Zurich combines life, non-life businesses in revamp under new CEO

New chief executive Mario Greco puts his stamp on the Swiss insurer

Zurich is in the middle of a $1 billion-plus cost-savings drive and has said that around 8,000 jobs would be affected by the end of 2018.  (Photograph: Adrian Moser/Bloomberg)

Zurich is in the middle of a $1 billion-plus cost-savings drive and has said that around 8,000 jobs would be affected by the end of 2018. (Photograph: Adrian Moser/Bloomberg)

 

Zurich Insurance plans to combine its life and non-life businesses and move to a new regional structure as new chief executive Mario Greco puts his stamp on the Swiss insurer.

In the shake-up announced on Friday, the head of Zurich’s flagship general insurance business Kristof Terryn will take on the newly created role of chief operating officer. Global life CEO Gary Shaughnessy will become Zurich’s CEO for Europe, Middle East and Africa. Chief operations and technology officer Robert Dickie will leave the company.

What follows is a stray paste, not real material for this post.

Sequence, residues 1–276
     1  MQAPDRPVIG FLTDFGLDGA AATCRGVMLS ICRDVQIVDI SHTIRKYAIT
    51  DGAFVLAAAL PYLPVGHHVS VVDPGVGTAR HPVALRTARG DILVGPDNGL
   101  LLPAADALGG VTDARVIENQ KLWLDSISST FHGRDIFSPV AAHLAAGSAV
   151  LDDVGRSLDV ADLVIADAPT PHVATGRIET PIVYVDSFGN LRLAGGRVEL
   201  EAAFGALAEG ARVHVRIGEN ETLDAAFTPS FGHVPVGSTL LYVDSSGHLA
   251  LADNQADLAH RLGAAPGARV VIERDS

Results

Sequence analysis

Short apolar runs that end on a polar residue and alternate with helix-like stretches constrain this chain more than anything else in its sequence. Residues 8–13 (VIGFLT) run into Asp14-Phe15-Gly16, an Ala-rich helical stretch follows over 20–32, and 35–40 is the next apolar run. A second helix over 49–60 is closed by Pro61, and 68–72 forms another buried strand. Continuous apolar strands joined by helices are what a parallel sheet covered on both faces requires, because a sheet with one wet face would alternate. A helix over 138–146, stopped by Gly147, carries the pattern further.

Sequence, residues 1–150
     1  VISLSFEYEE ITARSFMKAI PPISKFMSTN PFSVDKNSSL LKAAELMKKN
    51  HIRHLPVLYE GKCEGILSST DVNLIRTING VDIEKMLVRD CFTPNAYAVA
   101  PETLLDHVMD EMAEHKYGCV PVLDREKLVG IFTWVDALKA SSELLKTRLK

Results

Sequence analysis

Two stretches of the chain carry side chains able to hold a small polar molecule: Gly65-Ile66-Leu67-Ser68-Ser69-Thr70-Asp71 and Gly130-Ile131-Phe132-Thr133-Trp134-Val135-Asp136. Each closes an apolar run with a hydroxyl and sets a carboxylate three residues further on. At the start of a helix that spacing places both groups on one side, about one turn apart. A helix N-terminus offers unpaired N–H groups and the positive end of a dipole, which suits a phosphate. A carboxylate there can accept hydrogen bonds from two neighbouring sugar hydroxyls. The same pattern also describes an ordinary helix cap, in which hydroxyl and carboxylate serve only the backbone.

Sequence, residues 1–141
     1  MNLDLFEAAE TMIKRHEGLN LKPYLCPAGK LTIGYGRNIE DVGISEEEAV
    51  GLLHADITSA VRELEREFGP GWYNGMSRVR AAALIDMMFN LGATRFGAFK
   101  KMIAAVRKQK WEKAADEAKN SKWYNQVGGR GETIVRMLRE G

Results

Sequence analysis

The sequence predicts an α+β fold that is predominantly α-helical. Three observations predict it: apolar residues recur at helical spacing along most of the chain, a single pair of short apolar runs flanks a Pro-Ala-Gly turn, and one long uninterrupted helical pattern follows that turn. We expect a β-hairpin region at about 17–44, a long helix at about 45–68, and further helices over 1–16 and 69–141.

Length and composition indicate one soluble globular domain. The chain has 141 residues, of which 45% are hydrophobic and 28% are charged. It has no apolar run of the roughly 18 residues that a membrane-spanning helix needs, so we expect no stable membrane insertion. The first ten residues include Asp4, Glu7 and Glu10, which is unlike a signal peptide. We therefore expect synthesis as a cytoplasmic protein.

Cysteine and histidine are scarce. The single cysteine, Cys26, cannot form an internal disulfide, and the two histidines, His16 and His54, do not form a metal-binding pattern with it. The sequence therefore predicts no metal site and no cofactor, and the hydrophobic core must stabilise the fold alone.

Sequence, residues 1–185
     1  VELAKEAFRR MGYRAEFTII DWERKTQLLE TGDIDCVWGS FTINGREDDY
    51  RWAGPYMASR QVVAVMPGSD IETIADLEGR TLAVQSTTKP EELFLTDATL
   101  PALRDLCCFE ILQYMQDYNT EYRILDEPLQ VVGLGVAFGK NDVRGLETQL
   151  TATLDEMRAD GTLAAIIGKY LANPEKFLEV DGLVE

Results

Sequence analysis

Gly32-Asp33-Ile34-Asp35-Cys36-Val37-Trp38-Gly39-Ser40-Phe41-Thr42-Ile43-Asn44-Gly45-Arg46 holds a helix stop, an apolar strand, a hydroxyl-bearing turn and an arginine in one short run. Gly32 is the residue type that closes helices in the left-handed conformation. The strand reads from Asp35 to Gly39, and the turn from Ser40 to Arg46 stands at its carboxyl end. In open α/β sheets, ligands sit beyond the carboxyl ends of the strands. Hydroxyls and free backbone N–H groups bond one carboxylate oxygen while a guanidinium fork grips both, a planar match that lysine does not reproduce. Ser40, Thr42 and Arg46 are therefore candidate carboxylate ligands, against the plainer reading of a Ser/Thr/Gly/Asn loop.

“This new organisation and strong accountability, empowerment and outcome orientation will be the foundation for our future strategy,” Greco said in a statement. “We will see greater market focus and simplification, and deliver the transformation we need for future success in a disciplined way.”

In the new COO role, Terryn will focus on operations and technology as well as underwriting, claims, reinsurance, actuarial and pricing. Greco, who is around three months into the CEO job at Zurich after joining from Italian insurer Generali, said the new structure would support Zurich’s previously announced cost-cutting programme.

Zurich is in the middle of a $1 billion-plus cost-savings drive and has said that around 8,000 jobs would be affected by the end of 2018.

Zurich has around 55,000 employees. Boosting the performance of Zurich’s general insurance business and delivering a strategy for beyond 2016 were key factors in poaching the 56-year-old Italian. Speaking at Zurich’s first-quarter results presentation last month, Greco made repairing its battered reputation among investors and cutting costs his top priorities. Shares in Zurich were seen opening 0.1 per cent higher in premarket indicators at 0610 GMT, roughly in line with the Swiss blue-chip index.

Reuters